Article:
Please see the pics. The straighter spine is after three days of hard work. Three days.

https://www.treatingscoliosis.com/

 

 

Sorry about the cross post from the other site, but am Blown Away.

 

 


katzendogs

katzendogs Avatar

Location: Pasadena ,Texas
Gender: Male


Posted: Mar 1, 2018 - 5:37pm

 Red_Dragon wrote:

P's pill is covered by a manufacturer's grant - thank the gods. I looked it up and ran the numbers; it's literally $500 per pill. Obscene.

 
I have /had one through co-pay relief. Two shots (one every 6 mos.). Changed Medicare plans so don't know yet how it's going to go for shot #2. Osteoporosis. I used to be 6-2 now 6ft. 

Bright side is i won't need to duck!{#Lol}
Red_Dragon

Red_Dragon Avatar



Posted: Mar 1, 2018 - 5:06pm

 Coaxial wrote:

I lucked out and get my one and only pill for 90 days for free...I had been paying 14.00 a month. Crazy that just by changing to a 90 day supply I found out about this deal. Just lets you know how much they are gouging elsewhere to make up for old cripples like me.

 
P's pill is covered by a manufacturer's grant - thank the gods. I looked it up and ran the numbers; it's literally $500 per pill. Obscene.
katzendogs

katzendogs Avatar

Location: Pasadena ,Texas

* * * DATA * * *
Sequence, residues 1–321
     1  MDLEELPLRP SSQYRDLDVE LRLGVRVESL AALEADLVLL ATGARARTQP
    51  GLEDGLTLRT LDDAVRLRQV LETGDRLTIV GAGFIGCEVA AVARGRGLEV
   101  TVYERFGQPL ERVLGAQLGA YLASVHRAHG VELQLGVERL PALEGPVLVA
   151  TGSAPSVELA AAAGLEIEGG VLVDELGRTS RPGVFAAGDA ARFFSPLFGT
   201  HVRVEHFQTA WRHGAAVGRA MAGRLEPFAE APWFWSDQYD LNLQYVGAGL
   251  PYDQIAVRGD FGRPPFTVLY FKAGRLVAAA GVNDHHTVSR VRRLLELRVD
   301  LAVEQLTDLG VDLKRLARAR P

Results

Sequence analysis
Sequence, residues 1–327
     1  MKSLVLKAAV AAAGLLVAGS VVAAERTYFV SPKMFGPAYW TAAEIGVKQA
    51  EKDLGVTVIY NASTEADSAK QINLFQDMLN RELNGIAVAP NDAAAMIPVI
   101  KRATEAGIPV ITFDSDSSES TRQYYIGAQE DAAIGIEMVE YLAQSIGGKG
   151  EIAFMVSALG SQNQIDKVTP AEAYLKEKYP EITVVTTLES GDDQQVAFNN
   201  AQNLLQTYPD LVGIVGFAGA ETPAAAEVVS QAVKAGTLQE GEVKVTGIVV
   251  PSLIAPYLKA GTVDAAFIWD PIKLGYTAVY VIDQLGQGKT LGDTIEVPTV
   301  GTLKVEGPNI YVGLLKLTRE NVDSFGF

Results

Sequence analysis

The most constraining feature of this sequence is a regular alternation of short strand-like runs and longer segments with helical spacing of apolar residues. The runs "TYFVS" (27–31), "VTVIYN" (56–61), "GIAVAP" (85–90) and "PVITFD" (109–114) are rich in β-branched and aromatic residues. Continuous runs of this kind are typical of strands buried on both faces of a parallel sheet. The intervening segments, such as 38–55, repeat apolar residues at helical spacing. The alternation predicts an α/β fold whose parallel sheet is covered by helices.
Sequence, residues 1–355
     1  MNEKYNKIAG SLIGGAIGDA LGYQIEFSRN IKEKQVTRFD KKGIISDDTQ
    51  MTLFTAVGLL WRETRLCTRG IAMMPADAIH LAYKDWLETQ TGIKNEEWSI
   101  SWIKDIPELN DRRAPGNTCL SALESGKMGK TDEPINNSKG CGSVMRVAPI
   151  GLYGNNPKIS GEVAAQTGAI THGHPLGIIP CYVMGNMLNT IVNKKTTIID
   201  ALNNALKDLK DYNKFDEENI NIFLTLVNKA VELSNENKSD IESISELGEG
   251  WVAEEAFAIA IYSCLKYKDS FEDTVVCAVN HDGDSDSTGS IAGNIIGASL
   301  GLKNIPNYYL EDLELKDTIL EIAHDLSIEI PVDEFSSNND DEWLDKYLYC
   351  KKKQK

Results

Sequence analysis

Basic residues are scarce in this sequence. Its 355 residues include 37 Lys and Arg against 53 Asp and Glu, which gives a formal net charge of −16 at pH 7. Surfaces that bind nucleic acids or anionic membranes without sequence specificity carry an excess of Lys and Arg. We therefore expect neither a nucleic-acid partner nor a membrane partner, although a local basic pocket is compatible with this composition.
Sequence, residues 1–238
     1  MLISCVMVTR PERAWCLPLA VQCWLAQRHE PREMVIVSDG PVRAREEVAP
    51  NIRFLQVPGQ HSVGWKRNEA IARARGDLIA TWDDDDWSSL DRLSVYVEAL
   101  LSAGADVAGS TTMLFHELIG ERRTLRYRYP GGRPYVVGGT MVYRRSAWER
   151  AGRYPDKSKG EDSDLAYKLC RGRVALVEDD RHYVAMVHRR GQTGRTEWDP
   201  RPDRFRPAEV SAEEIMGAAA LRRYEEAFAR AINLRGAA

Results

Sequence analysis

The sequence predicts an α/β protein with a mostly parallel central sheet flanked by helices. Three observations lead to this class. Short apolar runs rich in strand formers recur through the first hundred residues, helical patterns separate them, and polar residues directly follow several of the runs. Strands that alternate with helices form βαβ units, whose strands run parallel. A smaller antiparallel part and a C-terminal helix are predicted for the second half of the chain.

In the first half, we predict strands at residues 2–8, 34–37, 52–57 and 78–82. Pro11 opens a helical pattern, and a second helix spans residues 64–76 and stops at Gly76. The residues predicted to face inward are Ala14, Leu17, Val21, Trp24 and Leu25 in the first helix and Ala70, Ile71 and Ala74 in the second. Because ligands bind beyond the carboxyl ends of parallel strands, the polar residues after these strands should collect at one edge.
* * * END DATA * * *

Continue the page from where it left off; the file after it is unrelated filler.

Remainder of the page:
Gender: Male


Posted: Mar 1, 2018 - 5:01pm

 Coaxial wrote:

I lucked out and get my one and only pill for 90 days for free...I had been paying 14.00 a month. Crazy that just by changing to a 90 day supply I found out about this deal. Just lets you know how much they are gouging elsewhere to make up for old cripples like me.

 
{#Wave}

I just did this as well. (mail order) Gettin'n deep into my Medicare this year while I can get it! 3 of mine are now free for a 90 and one Tier 3 for a $10 savings.
 Hope all is well.
Coaxial

Coaxial Avatar

Location: 543 miles west of Paradis,1491 miles eas
Gender: Male


Posted: Feb 28, 2018 - 5:37am

 kurtster wrote:

'twas my intention.  On the HMO vs PPO thing ... HMO's certainly have their place, but as we get older and things are more likely to happen to us, especially if there are profound family histories of certain diseases, a switch to PPO's is in order, before you get ill, just in case.  That may not be an option depending on how you get your insurance, but if it is, do it.  The cost will be higher, but it puts you more in charge of picking who will serve your needs and when.  It may also give you a broader formulary to work with for your prescription drug needs.



 
I lucked out and get my one and only pill for 90 days for free...I had been paying 14.00 a month. Crazy that just by changing to a 90 day supply I found out about this deal. Just lets you know how much they are gouging elsewhere to make up for old cripples like me.
kurtster

kurtster Avatar

Location: drifting
Gender: Male


Posted: Feb 28, 2018 - 5:28am

 ScottFromWyoming wrote:
Excellent post (I think), Kurt. It's directed at one person but is informative for all. 
 
And A: Kick this thing!